What did you do before you came to GOCO?
I have always been interested in learning the law as a tool for accomplishing good. I studied environmental law in Vermont and moved to Colorado looking for sunshine the week of the 2013 flooding. I have tried getting at environmental issues from a few angles now using my legal background. I started out in practice, writing and researching everything from Clean Air Act suits to local land use disputes and shaping new policy through ongoing engagement. While extremely rewarding, I thought I might enjoy getting my boots a bit dirtier and pursued land conservation. I began by reviewing conservation easement tax credit deals and then moved into on-the-ground dealmaking. I love the hands-on aspect of this work, sitting in living rooms and hearing people’s stories. I feel like I have the best job around even though it’s really hard choosing which projects get funded out of an amazing suite. At the end of the day, I get to learn about and support incredible conservation work around the state, and I have to pinch myself.
What brought you to GOCO?
I have wanted to work for GOCO since being on the applicant/grantee side of land deals and experiencing what a huge difference amazing funders can make for the folks on the ground. GOCO has always gone above and beyond to provide the best customer service and bring the human element as funders. Even if a project isn’t right for GOCO funding, staff listen patiently and always try to find a way to help. I appreciate how GOCO continues to evolve with the conservation needs of our state and the industry. I’m incredibly proud to be a part of an amazing team of folks who lead with their finger on the pulse and their whole hearts forward.
What has been your favorite part of working here so far?
The open space site visits this year were incredible. Seeing so many parts of the state during fall foliage and harvest season was such a treat. And we always drink good coffee!
What is your typical day like?
Every day is different at GOCO, which I love. Sometimes I’m traveling and getting ready for a day in the field, other times I’m meeting with partners or attending an event. And many times I’m in the GOCO office downtown sharing ideas and updates with coworkers, debating meaty topics and working together to run the best competitive grant programs that we can.
What are some of your favorite things to do outdoors?
I am definitely a dabbler. I like to do everything from sailing to mountain biking, rock climbing to ice skating. I am usually fairly happy no matter what I’m doing outside. I’d like to try ice climbing this winter!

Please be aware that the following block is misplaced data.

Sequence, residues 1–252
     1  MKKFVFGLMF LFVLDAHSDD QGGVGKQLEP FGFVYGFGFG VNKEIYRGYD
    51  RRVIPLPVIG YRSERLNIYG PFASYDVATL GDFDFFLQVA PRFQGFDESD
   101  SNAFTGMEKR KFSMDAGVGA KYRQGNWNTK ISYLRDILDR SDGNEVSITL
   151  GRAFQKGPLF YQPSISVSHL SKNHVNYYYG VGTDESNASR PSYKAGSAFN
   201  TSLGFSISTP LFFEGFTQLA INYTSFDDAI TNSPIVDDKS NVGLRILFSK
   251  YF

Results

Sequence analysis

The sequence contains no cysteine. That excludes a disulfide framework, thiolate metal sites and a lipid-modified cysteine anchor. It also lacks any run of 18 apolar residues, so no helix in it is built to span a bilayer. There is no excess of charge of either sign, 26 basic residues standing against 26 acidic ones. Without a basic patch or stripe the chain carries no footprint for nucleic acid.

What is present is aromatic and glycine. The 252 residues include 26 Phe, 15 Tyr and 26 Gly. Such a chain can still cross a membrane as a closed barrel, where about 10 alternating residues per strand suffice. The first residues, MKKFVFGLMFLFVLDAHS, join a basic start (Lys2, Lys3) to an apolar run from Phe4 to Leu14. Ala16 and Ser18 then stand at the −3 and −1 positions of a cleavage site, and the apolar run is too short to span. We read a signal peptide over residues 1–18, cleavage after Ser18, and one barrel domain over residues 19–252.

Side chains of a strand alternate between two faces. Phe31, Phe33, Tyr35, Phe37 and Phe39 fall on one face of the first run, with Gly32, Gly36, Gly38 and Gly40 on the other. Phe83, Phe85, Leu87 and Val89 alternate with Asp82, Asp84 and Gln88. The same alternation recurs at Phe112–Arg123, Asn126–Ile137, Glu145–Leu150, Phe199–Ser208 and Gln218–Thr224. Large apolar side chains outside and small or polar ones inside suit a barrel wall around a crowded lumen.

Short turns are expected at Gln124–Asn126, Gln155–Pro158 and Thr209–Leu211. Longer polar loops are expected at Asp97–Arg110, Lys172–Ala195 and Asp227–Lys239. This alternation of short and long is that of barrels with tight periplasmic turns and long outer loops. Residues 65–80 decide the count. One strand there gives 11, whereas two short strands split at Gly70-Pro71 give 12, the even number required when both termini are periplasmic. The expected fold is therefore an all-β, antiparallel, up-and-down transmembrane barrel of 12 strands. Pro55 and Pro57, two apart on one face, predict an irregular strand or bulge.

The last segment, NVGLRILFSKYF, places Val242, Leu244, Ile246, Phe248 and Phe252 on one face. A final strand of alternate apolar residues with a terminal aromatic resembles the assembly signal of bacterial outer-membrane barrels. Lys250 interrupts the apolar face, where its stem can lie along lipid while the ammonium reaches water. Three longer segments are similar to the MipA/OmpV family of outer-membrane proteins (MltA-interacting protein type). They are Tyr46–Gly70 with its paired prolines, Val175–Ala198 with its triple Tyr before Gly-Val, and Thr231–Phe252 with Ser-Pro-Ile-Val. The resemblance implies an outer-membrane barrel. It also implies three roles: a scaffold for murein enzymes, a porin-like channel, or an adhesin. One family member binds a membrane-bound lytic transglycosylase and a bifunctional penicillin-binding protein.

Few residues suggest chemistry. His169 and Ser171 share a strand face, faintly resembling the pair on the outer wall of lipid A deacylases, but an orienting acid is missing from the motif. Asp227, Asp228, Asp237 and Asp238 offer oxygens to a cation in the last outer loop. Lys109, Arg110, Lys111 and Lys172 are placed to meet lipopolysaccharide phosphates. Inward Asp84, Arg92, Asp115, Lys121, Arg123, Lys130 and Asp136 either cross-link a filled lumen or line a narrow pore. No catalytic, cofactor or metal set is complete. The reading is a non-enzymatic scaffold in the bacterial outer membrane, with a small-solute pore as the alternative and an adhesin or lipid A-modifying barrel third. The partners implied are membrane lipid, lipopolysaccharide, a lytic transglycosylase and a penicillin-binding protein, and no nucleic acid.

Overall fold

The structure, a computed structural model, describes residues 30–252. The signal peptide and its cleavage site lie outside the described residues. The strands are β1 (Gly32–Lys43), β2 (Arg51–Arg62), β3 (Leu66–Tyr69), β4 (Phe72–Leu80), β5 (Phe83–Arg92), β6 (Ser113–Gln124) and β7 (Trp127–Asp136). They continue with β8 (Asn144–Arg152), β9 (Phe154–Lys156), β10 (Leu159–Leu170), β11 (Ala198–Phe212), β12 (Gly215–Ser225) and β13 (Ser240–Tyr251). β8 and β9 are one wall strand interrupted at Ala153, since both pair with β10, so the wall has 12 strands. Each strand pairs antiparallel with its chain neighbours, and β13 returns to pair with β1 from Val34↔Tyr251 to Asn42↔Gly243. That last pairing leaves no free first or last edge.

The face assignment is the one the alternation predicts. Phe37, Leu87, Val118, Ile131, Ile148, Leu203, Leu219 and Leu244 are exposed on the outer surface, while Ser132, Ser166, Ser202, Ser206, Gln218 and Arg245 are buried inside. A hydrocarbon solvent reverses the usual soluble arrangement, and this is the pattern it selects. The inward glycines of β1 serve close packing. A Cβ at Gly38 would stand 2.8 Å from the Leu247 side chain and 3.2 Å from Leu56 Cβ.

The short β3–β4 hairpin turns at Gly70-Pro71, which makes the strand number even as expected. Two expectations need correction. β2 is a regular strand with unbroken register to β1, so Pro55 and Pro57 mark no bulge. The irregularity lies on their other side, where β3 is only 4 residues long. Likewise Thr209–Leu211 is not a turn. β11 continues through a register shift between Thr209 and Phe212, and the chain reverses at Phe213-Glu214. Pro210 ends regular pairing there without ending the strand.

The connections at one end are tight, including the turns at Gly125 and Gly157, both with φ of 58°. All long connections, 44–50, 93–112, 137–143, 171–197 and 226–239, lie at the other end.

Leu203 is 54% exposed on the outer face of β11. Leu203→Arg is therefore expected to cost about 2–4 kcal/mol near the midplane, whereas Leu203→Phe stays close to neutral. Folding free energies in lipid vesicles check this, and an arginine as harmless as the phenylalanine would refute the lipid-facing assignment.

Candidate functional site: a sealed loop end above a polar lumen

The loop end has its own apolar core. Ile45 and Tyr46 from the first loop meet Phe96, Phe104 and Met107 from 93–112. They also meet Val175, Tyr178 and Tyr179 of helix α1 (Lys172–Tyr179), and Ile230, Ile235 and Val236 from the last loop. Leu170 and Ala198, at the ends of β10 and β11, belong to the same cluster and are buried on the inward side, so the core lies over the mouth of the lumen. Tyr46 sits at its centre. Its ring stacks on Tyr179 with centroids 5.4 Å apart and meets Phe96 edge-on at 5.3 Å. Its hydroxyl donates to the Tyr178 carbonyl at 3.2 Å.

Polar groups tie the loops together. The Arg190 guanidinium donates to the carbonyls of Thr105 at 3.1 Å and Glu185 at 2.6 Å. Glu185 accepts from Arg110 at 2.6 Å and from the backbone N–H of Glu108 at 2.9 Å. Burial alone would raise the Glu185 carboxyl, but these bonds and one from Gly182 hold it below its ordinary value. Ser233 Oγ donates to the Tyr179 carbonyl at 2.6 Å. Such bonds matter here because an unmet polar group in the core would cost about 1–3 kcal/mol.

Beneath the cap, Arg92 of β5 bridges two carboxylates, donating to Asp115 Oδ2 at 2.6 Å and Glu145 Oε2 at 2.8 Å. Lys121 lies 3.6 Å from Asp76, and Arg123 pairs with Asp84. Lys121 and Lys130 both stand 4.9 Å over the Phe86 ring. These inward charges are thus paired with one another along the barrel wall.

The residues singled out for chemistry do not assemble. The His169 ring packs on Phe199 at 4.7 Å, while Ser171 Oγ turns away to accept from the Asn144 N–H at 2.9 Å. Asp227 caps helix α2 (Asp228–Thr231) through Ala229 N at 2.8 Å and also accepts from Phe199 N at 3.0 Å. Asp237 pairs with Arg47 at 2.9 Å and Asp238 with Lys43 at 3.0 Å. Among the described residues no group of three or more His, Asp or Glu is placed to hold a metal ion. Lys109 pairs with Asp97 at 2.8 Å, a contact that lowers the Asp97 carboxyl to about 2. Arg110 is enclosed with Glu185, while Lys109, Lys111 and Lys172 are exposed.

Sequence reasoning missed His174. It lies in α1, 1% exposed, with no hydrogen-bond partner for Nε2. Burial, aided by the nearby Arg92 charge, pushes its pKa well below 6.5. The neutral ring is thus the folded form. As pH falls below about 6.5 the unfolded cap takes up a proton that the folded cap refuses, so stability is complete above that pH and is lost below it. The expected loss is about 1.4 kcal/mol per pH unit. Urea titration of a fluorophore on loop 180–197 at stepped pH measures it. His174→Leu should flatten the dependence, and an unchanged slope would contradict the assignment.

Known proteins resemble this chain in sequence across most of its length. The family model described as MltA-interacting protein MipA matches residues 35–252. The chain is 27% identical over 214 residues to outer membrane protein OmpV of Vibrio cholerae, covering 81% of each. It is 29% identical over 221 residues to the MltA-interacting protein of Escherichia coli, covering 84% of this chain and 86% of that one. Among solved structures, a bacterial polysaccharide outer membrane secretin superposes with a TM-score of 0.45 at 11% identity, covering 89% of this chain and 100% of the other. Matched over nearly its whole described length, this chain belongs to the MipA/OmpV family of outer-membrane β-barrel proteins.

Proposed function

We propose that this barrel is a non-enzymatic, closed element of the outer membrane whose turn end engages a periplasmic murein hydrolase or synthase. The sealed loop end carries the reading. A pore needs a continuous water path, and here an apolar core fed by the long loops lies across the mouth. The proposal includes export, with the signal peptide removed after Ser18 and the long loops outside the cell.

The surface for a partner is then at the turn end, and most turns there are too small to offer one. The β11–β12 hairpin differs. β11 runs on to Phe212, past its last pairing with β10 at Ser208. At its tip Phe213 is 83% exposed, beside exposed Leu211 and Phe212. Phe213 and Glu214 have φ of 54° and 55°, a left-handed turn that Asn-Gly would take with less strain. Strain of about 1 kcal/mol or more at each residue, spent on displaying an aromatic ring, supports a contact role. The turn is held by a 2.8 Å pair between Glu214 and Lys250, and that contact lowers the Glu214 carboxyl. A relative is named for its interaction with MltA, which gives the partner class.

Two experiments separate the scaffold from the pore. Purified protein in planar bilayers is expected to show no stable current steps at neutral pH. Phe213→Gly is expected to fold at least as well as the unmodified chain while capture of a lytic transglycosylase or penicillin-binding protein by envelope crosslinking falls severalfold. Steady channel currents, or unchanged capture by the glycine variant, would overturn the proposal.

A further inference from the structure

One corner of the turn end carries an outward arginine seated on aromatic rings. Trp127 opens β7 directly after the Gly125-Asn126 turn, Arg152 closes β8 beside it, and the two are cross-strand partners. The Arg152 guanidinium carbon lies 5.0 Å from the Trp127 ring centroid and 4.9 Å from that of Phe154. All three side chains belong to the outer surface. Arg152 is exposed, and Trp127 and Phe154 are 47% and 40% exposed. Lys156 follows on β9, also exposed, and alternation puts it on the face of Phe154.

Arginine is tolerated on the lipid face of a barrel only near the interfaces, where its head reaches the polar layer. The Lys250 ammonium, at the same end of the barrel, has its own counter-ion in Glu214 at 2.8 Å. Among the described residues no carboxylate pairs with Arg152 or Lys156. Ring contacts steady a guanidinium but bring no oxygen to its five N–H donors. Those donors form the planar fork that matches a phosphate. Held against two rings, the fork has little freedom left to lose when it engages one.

Where is your favorite place to get outdoors in Colorado?
I love Boulder County’s Hall and Heil ranches for mountain biking because they’re a meandering 20-minute drive from my place in Longmont, and I can end the ride on the lovely outdoor patio at Oskar Blues. With an upcoming move to Arvada, I’m looking forward to finding new places close by to get outdoors and explore.
What is your most memorable outdoors mishap?
I studied abroad in Australia during my senior year of college. One of the must-sees on my list was the Great Barrier Reef. This is before there were so many affordable and small options for waterproof cameras, so I rent this huge clunking camera in an even bigger and clunkier waterproof case to bring out to the reef with me. It’s probably 10x10” all told. Well, I’m swimming around with this thing taking way too many photos and I come upon this tiny fish, maybe 2 inches long, that decides that this camera is its mortal enemy. So, I continue rolling through a whole ordeal of this fish charging the camera lens only to circle back around to charge it again. This fish was not particularly special in any way, but I respect it for taking on a Goliath and defending its home. And I still have the pictures to prove it.
What is the coolest wildlife you have spotted in Colorado?
Sticking with the theme of small, tough creatures, I really enjoy the pika. I never even knew this animal existed until I moved to Colorado and heard squeaking noises coming from talus fields. I love that they are so busy harvesting and haying greens for the winter, and the way they hop and scurry around the rocks. It’s amazing to me that they live exclusively at such high altitudes. I think pika could give the polar bear a run for its money as they face climate change, because who can argue with an adorable little, hoppy, rabbit thing with a mouth full of flowers that needs cold high altitudes to survive? Okay, polar bears are really cool too, we should probably just save both.